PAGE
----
The Struggle Against A Newly Resurgent Al-Qaida Sunni leaders in Iraq are trying to retake control of two important cities in Anbar province. That's raising fears in Afghanistan, where al-Qaida operatives still reside near the border with Pakistan. The Washington Post's David Ignatius talks to NPR's Rachel Martin about the rise of al-Qaida-affiliated groups and America's relations with Afghanistan.
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The Struggle Against A Newly Resurgent Al-Qaida

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The Struggle Against A Newly Resurgent Al-Qaida


This is WEEKEND EDITION, from NPR News. I'm Rachel Martin. We're going to begin this morning with a look at a resurgent al-Qaida. Sunni leaders in Iraq are trying to retake control of two important cities in Anbar Province. Fallujah and Ramadi have been under siege by insurgents linked to al-Qaida. That is raising fears in Afghanistan, where al-Qaida operatives still reside near the border with Pakistan, and the U.S. is preparing to pull all combat troops by the end of this year.

To tie these strands together, we called David Ignatius. He's an author and columnist for "The Washington Post." And I started by asking him what it means that territory hard won by the U.S. in Iraq is now under threat again.

DAVID IGNATIUS: First, I think it's really painful for any American soldiers and Marines who served in Anbar province, who fought in the battles to suppress al-Qaida in Fallujah and Ramadi, to see that these areas - the whole of the Euphrates Valley, really - has been retaken. The U.S. is saying to the Iraqi government: Work with the Sunni tribes of this area. Don't try to send the Shiite-led army in to drive these forces out; that will only alienate the population. They've had some success in Ramadi, which is a less militant town, in using the tribal fighters to push al-Qaida out.

So Ramadi is now largely back in control of the tribal sheiks. Fallujah isn't, and Fallujah is going to be a tough battle. The U.S. is trying to help the Iraqi government - trying to help them with technology, with hardware, with advice - as they try to fight the same battle the U.S. fought, to get al-Qaida out of these Sunni towns.

MARTIN: I'd like to turn to Afghanistan now. Afghan President Hamid Karzai missed an important deadline this past week, refusing to sign a new agreement that essentially, defines the U.S. military role in Afghanistan beyond the end of 2014. And then in another apparent snub, he released dozens of Afghan prisoners who the U.S. views as threatening to American national security interests. What's going on?

IGNATIUS: Well, I think President Karzai has grown to take a kind of pleasure in snubbing, driving crazy President Obama and the U.S. administration. Relations are so bad. They've been bad, really, since Obama came into office, but they get worse and worse. Karzai's term as president is set to expire this year. And so in a sense, the only leverage he has remaining is to make trouble. I mean, the minute he signs the basic security agreement, which would provide for a residual U.S. force in Afghanistan and stabilize the situation, his powers, leverage, disappears. I think as American officials look at what happened in Iraq when we really pulled out, when we didn't leave a residual force, there's going to be much more reluctance to do the same thing in Afghanistan. And people really will fight, despite all of Karzai's machinations to find a way to keep some American troops there, which appears to be what most Afghans want.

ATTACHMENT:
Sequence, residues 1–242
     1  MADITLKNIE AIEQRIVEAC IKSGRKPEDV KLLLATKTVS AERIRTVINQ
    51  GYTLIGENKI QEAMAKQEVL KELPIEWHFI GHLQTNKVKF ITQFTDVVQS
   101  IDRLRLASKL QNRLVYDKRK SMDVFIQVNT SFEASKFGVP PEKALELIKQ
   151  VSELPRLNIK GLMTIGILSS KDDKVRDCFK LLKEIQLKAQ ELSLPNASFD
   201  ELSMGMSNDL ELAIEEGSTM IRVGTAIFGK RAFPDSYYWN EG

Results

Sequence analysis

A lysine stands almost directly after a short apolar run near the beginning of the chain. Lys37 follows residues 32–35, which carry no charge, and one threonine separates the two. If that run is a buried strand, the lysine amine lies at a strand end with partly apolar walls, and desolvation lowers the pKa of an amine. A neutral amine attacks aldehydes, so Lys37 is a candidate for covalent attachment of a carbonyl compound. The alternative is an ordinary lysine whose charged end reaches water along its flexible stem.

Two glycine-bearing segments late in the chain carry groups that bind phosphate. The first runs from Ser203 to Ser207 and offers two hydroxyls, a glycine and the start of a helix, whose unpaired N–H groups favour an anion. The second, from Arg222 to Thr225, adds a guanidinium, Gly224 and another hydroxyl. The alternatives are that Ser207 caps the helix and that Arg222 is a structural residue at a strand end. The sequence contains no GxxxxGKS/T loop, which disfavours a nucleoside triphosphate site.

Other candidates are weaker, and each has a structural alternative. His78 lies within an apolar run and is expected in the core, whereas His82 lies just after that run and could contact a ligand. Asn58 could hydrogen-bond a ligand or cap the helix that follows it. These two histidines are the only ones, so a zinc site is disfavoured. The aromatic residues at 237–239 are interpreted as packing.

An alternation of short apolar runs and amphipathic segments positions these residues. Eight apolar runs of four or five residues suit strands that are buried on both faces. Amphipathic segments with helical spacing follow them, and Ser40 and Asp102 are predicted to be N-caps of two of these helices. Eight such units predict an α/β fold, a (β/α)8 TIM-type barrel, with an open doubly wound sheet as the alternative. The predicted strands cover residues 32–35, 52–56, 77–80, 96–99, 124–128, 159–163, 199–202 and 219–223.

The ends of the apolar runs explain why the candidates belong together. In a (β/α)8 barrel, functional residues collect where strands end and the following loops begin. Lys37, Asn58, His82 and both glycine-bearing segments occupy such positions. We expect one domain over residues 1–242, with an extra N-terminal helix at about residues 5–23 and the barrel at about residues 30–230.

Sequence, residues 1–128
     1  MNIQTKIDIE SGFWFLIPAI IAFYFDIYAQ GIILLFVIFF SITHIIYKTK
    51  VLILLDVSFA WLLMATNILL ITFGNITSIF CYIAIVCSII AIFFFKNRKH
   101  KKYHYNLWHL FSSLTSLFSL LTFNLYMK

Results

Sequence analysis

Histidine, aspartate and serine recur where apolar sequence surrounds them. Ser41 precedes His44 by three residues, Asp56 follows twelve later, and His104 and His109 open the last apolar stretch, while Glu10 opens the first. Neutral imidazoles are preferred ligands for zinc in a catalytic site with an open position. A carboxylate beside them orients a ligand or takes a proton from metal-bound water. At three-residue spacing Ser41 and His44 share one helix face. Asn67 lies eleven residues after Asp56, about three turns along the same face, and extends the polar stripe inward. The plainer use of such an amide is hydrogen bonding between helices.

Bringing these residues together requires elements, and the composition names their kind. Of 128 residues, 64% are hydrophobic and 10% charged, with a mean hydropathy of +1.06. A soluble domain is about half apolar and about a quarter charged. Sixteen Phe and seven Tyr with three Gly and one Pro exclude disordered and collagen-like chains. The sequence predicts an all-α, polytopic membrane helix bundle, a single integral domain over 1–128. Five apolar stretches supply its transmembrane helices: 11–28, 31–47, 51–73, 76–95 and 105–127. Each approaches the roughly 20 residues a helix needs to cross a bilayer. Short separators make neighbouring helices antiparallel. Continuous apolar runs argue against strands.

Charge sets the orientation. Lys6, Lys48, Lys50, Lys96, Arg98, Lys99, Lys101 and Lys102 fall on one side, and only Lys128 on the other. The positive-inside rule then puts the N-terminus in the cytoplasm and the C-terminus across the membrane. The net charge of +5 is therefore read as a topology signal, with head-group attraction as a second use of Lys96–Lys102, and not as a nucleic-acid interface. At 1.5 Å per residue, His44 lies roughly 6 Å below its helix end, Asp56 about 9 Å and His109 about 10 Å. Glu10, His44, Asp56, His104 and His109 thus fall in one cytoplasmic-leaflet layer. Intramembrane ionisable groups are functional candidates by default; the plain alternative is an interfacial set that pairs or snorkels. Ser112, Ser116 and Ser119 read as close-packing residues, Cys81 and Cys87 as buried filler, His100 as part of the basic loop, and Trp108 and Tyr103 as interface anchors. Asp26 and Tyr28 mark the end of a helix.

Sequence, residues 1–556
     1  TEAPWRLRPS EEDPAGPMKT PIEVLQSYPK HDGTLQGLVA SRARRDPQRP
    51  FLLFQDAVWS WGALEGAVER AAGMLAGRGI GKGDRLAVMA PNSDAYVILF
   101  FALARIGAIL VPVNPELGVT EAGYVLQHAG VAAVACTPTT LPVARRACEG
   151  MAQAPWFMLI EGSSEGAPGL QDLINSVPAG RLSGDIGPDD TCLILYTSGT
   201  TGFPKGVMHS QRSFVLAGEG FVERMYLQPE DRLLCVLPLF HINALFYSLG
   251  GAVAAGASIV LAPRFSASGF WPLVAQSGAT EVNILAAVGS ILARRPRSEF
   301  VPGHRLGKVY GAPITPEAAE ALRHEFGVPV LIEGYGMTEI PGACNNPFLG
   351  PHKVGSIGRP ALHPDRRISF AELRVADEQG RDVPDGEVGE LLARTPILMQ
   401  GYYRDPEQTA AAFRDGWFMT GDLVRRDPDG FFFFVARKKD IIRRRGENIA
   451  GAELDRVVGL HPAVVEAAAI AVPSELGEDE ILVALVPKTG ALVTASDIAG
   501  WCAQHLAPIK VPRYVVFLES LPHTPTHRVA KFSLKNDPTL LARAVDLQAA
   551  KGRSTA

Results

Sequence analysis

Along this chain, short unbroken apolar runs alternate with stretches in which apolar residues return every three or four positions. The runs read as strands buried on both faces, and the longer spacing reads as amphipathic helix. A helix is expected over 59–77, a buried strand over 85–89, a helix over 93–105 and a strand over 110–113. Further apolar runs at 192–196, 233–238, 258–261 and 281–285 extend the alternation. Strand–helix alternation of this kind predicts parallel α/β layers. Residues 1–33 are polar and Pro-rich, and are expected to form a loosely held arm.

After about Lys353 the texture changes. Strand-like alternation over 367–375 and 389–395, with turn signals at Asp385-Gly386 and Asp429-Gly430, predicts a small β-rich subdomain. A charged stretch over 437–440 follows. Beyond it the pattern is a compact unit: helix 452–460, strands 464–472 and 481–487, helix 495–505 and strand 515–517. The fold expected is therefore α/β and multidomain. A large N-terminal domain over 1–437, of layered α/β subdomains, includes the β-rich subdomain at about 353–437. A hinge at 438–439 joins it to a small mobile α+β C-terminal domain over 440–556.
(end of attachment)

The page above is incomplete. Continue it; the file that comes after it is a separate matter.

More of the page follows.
MARTIN: How does the U.S. leave these countries to fight their own battles but stay involved enough to further American national security interests, especially when it comes to counterterrorism? Where's that balance?

IGNATIUS: If you look at Iraq, look at Ramadi. As al-Qaida fighters rolled in a week and a half ago - I'm told they had 75 trucks with machine guns, hundreds of fighters; took over all the police stations. And they were beaten back. And the reason they were beaten back is that the Iraqi people in Ramadi didn't want them there. And I think that the evidence is pretty strong that most places where al-Qaida and the Taliban operate, people end up not wanting them to govern.

You know, we should understand that the people who are going to have to fight them, and keep them out, probably are willing to do that if they get a little help and good policy. The second thing is that even though it's obvious that sending American troops into these battlegrounds is probably a mistake - that we create as many enemies as we take down - there are many things the U.S. can do to help the governments and people that don't involve sending troops, and that are worth doing. You know, a residual force that trains armies in a place like Iraq or Afghanistan; that bolsters, you know, people who are more moderate than the extremists, and gives them some confidence that helps them get the kinds of weapons they need to defend themselves - I think those policies make more sense, the more we look at the way things are playing out; not less.

MARTIN: David Ignatius - he's a columnist for "The Washington Post"; he's also the author of a new, forthcoming novel titled "The Director." Thanks so much for being with us, David.

IGNATIUS: Thank you.

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